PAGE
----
POPI Act (POPIA) 2021 Summary – How Do You Know if Your Ecommerce Business is Compliant?
What is The POPI Act?
The POPI (Protection of Personal Information Act) Act of 2013 (also called POPIA) is a piece of legislation introduced to try and protect the constitutional right to privacy by implementing rules designed to protect private information.
According to Section 7(2) of the South African constitution:
“Everyone has the right to privacy, which includes the right not to have: (a) their person or home searched; (b) their property searched; (c) their possessions seized; (d) the privacy of their communications infringed.”
Who Does POPI Apply To?
The POPI Act applies to all natural (i.e. living people) and juristic persons (e.g. companies, closed corporations and trusts).
Why Do We Need a POPI Act?
In an age where data is the “new gold”, businesses are incentivised to capture and process as much of it as possible to create competitive advantage.
However, this is often to the detriment of consumers.
Allowing unrestricted data collection can lead to invasive advertising and problems like identity theft and fraud when it isn’t properly protected.
The act is fundamentally designed to protect consumers by regulating how and when businesses can capture and use their data.
Until the introduction of the POPI Act in South Africa, there was no regulation around how businesses could capture and use data.
Does The POPI Act Affect My Business?
The POPI Act’s main effect on business is changing how and when we can capture data for marketing purposes.
If you’re not engaged in any marketing activity that involves data capture, like lead generation or email lists, the POPI Act won’t affect your business.
It’s rare to see a business using this approach in this day and age,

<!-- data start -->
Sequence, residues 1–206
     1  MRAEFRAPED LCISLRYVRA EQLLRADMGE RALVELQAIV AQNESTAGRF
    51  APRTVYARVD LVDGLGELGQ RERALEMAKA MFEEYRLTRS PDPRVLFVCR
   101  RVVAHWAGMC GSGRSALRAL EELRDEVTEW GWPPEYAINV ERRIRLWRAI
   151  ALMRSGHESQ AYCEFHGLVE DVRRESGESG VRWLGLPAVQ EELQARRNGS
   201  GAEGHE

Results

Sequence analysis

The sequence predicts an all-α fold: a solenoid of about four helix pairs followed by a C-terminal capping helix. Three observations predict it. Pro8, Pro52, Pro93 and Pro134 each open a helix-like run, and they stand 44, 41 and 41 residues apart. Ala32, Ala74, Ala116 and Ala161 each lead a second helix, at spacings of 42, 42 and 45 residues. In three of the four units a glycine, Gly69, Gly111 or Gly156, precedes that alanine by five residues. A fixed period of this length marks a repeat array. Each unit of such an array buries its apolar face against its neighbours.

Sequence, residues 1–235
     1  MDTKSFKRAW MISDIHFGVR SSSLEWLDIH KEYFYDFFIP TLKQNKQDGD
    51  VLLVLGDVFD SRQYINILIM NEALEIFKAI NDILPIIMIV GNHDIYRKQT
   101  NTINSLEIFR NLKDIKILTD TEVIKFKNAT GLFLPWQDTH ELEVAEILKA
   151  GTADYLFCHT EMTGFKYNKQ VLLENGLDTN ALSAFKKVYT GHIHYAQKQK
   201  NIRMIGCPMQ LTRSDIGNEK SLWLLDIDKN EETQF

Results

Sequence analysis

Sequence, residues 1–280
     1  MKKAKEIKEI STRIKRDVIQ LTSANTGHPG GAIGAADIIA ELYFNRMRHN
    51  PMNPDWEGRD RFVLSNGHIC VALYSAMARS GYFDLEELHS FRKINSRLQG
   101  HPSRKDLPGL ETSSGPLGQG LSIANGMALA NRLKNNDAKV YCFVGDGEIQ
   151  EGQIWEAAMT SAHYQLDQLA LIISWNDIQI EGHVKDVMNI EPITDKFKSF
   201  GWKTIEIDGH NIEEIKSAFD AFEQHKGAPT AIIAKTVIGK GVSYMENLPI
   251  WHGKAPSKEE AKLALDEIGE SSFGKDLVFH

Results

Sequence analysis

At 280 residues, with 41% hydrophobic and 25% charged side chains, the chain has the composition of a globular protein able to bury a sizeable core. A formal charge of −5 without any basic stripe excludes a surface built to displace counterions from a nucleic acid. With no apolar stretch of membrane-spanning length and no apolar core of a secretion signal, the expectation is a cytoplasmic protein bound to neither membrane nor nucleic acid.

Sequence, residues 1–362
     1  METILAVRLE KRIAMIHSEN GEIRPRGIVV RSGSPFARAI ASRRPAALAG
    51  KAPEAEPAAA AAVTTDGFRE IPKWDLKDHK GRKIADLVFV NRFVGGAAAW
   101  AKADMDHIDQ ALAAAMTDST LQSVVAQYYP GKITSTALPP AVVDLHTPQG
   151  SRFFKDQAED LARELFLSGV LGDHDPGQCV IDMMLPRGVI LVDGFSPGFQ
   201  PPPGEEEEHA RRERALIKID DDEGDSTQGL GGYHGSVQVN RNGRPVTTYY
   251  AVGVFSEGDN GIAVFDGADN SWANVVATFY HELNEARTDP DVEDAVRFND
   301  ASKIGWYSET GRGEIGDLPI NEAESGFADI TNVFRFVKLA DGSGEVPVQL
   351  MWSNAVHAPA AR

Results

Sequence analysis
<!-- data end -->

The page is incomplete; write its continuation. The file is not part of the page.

However, if you are using any kind of marketing strategy involving data capture and direct marketing, it does affect your business.
You must make sure your business is POPI compliant because the penalties for breaching the act can be quite severe.
You must look at your entire marketing funnel.
If you hire a digital marketing agency, for example, and they’re found to be breaching the POPI Act you could still be liable if they were processing the data on your behalf.
What Are the Main Points of the POPI Act?
What is Personal Information?
The Act protects personal information and special personal information.
Personal information is any information used to identify a living person, like:
- Race and gender
- Contact details
- Financial details
- Medical history
- Employment and criminal history
- Education history
Special personal information is personal information that can be used to discriminate against somebody, and as such is treated differently. It includes:
- Race and ethnicity
- Criminal history
- Medical history
- Biometric information
- Trade union membership
When Can’t I use Personal Information?
You can’t use personal information without authorisation from the person it concerns.
You can get either:
- General authorisation to use any kind of special personal information.
- Specific authorisation to use one kind of special personal information.
What is Data Processing?
POPIA defines data processing as:
“…any operation or activity or any set of operations, whether or not by automatic means, concerning personal information, including –
(a) the collection, receipt, recording, organisation, collation, storage, updating or modification, retrieval, alteration, consultation or use;
(b) dissemination by means of transmission, distribution or making available in any other form; or
(c) merging, linking, as well as restriction, degradation, erasure or destruction of information;”
The Act covers all forms of personal information both physical and digital.
I.e. it doesn’t matter if the data is in the form of contact details in a database or a piece of paper with their contact details written down.
In other words, the Act covers any handling of personal information in either a physical or digital format.
What is Lawful Data Processing Then?
Data Subject: the person the data is about.
Responsible Party: your business (the organisation deciding how and why to process the data).
Operator: the group that processes the information for the Responsible Party (e.g. your digital marketing agency).
There are 8 conditions of lawful data processing defined in the Act:
- The Responsible Party must take accountability to comply with the POPIA.
- The Responsible Party must have a good reason for processing Personal Information, such as consent from the Data Subject.
- The Data Subject must know why the Responsible Party is processing their Personal Information.
- The Responsible Party can only process Personal Information again if it’s for the same purpose they got consent from the Data Subject for.